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The Mexican salamander, or axolotl, is an especially unique amphibian in that it remains a fully aquatic creature in adulthood and retains its gills instead of growing lungs like most amphibians.
Axolotls are exceptionally easy to breed in captivity, and for this reason are studied extensively in such wide-ranging fields as heart defects and neural tube development. But perhaps the most fascinating feature is their ability to completely regenerate entire limbs, other appendages, and even brain sections when damaged.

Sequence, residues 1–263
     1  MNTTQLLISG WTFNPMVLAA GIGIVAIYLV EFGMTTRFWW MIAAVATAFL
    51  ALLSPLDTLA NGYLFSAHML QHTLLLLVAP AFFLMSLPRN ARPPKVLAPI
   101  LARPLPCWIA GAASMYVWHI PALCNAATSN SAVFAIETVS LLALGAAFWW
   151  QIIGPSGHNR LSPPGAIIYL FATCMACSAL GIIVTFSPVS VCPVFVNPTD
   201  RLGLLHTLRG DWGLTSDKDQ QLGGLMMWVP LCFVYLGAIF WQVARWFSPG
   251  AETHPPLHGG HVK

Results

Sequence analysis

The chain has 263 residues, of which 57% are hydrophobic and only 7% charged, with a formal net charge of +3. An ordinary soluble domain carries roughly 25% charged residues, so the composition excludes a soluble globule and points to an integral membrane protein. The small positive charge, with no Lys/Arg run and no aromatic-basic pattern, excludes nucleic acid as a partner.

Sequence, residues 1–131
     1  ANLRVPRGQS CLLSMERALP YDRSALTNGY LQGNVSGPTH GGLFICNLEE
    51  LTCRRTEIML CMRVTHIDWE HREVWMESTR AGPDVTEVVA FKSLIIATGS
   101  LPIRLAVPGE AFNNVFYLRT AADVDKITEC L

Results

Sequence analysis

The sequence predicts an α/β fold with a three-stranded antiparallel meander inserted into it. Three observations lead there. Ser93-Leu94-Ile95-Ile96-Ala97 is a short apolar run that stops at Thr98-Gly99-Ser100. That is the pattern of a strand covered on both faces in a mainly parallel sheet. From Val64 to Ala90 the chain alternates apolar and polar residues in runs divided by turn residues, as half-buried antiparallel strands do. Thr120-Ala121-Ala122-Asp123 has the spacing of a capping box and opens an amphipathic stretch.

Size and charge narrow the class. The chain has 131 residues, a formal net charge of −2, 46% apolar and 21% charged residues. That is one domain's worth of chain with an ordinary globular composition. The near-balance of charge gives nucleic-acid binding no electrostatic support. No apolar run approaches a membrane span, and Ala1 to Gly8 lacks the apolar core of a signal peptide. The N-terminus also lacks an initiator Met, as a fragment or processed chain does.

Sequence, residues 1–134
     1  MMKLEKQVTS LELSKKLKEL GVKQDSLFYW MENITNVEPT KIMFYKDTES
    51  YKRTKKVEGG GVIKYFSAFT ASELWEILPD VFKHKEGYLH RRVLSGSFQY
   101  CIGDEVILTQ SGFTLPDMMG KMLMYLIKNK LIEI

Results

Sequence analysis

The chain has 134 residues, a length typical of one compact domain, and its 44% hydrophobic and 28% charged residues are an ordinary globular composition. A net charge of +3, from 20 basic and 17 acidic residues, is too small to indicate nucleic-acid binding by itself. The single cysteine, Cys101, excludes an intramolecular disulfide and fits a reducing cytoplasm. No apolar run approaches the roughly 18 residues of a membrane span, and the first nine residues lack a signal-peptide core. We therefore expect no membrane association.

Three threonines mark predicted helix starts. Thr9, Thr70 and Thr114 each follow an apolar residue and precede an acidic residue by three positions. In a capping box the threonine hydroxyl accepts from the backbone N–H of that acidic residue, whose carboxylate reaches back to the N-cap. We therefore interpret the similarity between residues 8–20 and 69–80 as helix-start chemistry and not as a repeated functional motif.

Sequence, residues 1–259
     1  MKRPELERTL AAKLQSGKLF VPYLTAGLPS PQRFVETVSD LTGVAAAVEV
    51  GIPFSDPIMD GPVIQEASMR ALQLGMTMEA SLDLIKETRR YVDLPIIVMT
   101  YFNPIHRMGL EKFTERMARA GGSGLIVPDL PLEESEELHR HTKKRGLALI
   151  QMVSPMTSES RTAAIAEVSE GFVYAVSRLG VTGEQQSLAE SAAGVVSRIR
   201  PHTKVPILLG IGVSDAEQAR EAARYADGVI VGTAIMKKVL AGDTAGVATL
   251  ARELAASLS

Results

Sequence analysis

Unfortunately, the wild axolotl’s habitat is limited to a few lakes in central Mexico, which are under stress due to rapid urban development along with the introduction of non-native predators to their natural habitat. Consequently, the axolotl has earned a categorization of “Critically Endangered” on global conservation lists.
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